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Gigascience 2014 Oct 14;3:21. doi: 10.1186/2047-217X-3-21.
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A dataset comprising 141 magnetic resonance imaging scans of 98 extant sea urchin species.

Ziegler A , Faber C , Mueller S , Nagelmann N , Schröder L .

BACKGROUND: Apart from its application in human diagnostics, magnetic resonance imaging (MRI) can also be used to study the internal anatomy of zoological specimens. As a non-invasive imaging technique, MRI has several advantages, such as rapid data acquisition, output of true three-dimensional imagery, and provision of digital data right from the onset of a study. Of particular importance for comparative zoological studies is the capacity of MRI to conduct high-throughput analyses of multiple specimens. In this study, MRI was applied to systematically document the internal anatomy of 98 representative species of sea urchins (Echinodermata: Echinoidea). FINDINGS: The dataset includes raw and derived image data from 141 MRI scans. Most of the whole sea urchin specimens analyzed were obtained from museum collections. The attained scan resolutions permit differentiation of various internal organs, including the digestive tract, reproductive system, coelomic compartments, and lantern musculature. All data deposited in the GigaDB repository can be accessed using open source software. Potential uses of the dataset include interactive exploration of sea urchin anatomy, morphometric and volumetric analyses of internal organs observed in their natural context, as well as correlation of hard and soft tissue structures. CONCLUSIONS: The dataset covers a broad taxonomical and morphological spectrum of the Echinoidea, focusing on ''regular'' sea urchin taxa. The deposited files significantly expand the amount of morphological data on echinoids that are electronically available. The approach chosen here can be extended to various other vertebrate and invertebrate taxa. We argue that publicly available digital anatomical and morphological data gathered during experiments involving non-invasive imaging techniques constitute one of the prerequisites for future large-scale genotype-phenotype correlations.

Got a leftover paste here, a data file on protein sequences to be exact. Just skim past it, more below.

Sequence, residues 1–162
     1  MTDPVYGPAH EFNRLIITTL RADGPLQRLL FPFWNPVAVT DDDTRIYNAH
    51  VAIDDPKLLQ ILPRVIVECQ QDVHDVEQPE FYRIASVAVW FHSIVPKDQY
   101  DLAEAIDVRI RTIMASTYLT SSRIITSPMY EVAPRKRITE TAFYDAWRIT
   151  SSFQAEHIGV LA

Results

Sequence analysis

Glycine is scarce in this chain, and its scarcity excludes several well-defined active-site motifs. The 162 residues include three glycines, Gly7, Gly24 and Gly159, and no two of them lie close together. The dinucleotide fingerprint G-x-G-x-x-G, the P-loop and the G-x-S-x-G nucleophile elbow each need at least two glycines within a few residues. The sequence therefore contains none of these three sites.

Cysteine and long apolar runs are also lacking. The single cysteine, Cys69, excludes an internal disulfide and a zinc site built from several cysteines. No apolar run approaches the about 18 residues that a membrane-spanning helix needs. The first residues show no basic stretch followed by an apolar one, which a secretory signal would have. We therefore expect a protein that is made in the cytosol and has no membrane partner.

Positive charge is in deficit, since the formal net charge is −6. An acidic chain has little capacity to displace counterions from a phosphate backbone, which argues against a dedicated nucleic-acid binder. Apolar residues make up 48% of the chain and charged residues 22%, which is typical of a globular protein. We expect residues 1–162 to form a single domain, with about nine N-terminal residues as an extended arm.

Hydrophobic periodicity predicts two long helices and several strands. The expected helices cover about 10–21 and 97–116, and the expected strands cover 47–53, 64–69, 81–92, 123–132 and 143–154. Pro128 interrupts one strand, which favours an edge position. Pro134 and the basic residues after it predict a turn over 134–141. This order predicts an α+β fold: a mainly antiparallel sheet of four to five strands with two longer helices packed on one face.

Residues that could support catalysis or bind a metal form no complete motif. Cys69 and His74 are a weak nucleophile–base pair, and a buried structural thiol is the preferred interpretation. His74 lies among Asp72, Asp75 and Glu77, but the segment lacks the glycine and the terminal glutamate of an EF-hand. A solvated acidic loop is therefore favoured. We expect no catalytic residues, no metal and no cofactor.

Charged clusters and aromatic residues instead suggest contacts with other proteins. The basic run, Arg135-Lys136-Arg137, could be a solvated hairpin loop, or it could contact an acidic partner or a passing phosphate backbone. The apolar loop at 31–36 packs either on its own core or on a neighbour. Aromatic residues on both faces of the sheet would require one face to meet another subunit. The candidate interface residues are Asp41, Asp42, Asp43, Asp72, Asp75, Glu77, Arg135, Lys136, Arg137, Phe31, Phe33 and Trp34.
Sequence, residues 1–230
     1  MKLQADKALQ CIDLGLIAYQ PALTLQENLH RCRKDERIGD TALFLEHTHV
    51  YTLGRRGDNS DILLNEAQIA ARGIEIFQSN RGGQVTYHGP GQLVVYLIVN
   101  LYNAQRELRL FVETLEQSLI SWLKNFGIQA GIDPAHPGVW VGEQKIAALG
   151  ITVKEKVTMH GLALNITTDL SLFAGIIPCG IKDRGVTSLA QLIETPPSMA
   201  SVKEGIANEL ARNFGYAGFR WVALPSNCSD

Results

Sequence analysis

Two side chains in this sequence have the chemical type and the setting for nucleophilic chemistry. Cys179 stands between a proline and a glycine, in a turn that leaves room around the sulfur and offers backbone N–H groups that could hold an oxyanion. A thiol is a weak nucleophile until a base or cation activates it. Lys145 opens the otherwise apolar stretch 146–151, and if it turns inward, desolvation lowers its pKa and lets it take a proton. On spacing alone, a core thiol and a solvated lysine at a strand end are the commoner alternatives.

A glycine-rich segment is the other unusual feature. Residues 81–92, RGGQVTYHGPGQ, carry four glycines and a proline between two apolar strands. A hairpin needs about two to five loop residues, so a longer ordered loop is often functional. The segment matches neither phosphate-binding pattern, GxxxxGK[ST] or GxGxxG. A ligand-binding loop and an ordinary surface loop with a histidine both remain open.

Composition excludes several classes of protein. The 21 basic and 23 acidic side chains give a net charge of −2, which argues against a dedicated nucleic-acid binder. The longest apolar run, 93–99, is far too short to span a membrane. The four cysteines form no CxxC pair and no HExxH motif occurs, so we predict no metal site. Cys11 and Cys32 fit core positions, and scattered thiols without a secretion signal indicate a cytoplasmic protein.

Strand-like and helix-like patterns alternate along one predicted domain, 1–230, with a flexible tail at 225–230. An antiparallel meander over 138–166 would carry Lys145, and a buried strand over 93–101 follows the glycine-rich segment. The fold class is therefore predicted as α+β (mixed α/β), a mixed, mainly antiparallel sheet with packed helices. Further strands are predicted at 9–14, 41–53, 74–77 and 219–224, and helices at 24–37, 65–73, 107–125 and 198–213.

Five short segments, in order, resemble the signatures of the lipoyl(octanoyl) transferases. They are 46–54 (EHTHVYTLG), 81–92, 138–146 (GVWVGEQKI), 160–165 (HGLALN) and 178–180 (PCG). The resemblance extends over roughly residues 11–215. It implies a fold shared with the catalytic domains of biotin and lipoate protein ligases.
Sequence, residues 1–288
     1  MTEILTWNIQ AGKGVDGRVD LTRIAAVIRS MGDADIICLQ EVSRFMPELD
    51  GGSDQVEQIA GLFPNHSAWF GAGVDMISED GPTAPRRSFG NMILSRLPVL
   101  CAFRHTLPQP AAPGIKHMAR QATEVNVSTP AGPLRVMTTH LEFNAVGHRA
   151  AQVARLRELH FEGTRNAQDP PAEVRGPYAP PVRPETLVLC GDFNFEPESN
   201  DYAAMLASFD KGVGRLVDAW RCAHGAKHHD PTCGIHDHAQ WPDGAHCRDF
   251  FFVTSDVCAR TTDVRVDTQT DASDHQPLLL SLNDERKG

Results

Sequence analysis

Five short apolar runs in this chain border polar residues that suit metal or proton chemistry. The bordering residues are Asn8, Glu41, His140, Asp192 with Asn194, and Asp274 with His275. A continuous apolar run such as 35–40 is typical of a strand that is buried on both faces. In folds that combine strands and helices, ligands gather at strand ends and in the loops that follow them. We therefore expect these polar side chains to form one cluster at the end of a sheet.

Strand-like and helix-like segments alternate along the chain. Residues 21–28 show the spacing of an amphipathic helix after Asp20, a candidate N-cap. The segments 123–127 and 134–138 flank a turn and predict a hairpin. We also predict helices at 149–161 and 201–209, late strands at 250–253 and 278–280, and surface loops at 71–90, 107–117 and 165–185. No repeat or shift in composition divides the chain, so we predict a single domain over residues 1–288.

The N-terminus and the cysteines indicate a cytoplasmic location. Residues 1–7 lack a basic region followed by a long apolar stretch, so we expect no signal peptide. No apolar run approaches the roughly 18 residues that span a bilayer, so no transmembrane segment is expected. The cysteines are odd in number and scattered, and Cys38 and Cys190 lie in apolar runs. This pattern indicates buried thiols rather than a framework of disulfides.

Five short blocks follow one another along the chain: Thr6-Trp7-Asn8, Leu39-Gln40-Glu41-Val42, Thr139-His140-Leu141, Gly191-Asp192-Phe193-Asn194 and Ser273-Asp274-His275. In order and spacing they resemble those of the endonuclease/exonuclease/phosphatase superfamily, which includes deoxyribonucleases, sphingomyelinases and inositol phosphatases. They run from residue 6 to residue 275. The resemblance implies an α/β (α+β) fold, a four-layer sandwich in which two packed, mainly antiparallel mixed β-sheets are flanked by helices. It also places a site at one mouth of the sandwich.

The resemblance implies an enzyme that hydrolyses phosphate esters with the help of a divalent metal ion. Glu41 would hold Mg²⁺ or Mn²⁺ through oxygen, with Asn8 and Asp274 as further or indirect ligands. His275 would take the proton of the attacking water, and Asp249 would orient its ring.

PubMed ID: 25356198
PMC ID: PMC4212584
Article link: Gigascience

Genes referenced: LOC100887844 LOC115925415

References [+] :
Berquist, The Digital Fish Library: using MRI to digitize, database, and document the morphological diversity of fish. 2012, Pubmed